On 10 May, human rights defender and mother of a disappeared daughter Miriam Elizabeth Rodriquez Martinez was murdered in the state of Tamaulipas.

May 10 is Mother’s Day in Mexico, and for the last 6 years on this date, family members of the disappeared in different parts of the country have carried out the “March for National Dignity: Mothers in Search of their Sons, Daughters, Truth, and Justice”.

The march seeks to increase visibility for the issue of disappearance and demand justice. Civil society organizations involved in the march expressed their consternation over the murder and demanded justice in this case and for the situation facing family members who search for their disappeared.

The defender’s murder also caused concern among international actors, including spokesperson for the High Representative of the Union for Foreign Affairs and Security Policy, who insisted that authorities should guarantee the necessary preventative measures in order to ensure efficient protection for HRDs and journalists.

The ONHCHR called directly on authorities to understand the structural factors that contribute to the “concerning situation of vulnerability” of family members of the disappeared.

The IACHR urged the Mexican State to carry out due diligence in investigating the murder, ensuring the security and integrity of those who search for the disappeared, and ending the “crisis” of disappearances in the country.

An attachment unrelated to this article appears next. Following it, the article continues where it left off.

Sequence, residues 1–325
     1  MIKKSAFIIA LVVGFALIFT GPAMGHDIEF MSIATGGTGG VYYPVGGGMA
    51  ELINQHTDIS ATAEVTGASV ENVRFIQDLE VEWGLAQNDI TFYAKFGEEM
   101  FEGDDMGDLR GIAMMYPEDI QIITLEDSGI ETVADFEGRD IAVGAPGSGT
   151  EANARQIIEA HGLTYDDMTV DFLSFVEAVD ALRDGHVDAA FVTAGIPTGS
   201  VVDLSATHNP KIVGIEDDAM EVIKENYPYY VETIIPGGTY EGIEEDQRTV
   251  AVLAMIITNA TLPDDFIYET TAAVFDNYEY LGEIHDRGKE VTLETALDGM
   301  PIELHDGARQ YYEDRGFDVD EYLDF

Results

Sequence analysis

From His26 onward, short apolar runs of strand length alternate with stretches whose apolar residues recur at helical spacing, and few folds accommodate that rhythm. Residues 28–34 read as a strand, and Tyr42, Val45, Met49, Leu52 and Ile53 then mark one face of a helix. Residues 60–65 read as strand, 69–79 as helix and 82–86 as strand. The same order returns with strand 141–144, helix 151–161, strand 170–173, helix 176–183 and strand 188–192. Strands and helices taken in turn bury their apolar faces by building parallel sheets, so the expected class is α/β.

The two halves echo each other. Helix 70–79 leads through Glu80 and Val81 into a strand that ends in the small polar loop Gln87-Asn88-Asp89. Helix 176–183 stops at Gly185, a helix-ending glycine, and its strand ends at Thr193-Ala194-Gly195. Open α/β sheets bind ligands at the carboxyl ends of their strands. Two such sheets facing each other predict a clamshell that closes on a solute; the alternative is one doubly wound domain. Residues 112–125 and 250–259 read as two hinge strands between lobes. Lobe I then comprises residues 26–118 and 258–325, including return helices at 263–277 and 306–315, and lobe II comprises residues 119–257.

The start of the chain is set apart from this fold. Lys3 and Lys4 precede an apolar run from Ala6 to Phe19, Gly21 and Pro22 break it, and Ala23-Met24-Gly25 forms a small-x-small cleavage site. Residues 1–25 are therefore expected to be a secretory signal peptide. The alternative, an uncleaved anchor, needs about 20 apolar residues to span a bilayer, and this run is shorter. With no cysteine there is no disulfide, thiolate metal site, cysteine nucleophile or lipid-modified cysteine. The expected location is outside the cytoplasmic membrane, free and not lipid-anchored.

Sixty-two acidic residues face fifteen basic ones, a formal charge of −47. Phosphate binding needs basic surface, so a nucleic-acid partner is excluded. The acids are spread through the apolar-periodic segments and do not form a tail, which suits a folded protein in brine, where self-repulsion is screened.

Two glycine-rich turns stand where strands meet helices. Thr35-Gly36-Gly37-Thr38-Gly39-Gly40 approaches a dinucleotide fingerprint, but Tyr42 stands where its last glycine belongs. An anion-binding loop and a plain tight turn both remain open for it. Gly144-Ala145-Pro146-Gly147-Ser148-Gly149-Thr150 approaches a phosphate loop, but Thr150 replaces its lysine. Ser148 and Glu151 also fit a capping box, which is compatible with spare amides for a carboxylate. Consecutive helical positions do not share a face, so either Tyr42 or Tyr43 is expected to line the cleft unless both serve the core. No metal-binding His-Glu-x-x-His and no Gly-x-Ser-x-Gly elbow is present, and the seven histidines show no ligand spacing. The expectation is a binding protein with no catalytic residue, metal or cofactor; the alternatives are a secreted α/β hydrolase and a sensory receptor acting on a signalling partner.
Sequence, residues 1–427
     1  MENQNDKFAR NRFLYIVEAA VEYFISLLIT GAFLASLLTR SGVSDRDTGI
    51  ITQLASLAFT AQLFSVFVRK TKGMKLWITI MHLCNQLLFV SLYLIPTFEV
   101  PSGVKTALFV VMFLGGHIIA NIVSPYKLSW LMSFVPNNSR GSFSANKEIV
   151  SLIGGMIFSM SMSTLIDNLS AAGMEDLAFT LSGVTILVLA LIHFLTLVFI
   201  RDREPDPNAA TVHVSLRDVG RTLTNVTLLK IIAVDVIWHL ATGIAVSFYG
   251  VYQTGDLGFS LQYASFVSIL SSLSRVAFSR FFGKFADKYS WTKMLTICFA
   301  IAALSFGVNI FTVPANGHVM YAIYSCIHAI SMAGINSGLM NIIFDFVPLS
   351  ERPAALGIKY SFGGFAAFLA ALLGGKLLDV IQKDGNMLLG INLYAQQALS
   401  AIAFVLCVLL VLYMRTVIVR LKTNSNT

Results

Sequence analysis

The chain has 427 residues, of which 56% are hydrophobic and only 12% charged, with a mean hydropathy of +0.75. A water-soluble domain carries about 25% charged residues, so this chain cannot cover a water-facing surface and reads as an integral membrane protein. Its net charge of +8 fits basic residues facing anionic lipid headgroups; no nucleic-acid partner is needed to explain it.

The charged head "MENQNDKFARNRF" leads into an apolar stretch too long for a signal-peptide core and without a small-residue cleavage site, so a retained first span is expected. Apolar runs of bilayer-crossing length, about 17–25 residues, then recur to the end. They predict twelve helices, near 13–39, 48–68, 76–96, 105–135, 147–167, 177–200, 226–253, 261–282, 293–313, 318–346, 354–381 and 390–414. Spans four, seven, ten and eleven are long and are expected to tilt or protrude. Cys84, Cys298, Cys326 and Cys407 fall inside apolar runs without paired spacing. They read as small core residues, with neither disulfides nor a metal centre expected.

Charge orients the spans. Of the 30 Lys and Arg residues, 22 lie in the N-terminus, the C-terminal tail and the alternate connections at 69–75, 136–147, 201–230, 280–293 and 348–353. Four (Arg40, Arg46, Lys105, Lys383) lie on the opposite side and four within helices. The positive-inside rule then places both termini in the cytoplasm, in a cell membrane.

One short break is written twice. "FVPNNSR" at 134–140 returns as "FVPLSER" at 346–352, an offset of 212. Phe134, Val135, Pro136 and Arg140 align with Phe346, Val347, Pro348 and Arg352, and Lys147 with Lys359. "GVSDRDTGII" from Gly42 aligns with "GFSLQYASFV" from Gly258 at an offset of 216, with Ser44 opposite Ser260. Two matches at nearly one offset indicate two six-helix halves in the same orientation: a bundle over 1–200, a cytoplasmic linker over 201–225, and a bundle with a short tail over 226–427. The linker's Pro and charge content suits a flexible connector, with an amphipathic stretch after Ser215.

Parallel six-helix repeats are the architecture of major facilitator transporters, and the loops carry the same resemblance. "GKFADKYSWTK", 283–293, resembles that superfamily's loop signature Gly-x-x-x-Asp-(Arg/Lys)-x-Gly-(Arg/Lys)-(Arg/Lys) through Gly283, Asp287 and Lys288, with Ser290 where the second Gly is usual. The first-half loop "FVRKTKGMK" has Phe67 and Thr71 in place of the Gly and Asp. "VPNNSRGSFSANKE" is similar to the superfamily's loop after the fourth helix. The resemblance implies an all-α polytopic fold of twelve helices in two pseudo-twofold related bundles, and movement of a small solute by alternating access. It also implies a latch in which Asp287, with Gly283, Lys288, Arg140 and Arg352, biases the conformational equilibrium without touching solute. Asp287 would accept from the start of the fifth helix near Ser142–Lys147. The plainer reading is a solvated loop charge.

At the same time, the Civil Society Space (Espacio_OSC) for the protection of HRDs and Journalists – a space which is accompanied by PBI – emphasized that the murder took place within a context of increased violence which has marked the first half of 2017 and included the killing of 24 HRDs and 5 journalists, as well as other aggressions.

The group demanded that the right to protection, as well as access to justice, truth and reparation of harm be guaranteed.

The National Human Rights Commission (CNDH) described the situation as the non-compliance of authorities at all levels of government with the obligation to ensure public security and prevent violations of fundamental human rights.

In a joint communique, PBI, along with other international organizations, emphasized the need for recognition of those who search for their disappeared family members in Mexico as human rights defenders, and expressed our solidarity with those who work to end disappearances (which, according to official statistics have now surpassed 30,000 cases) as well as the violence against HRDs which persists in Mexico.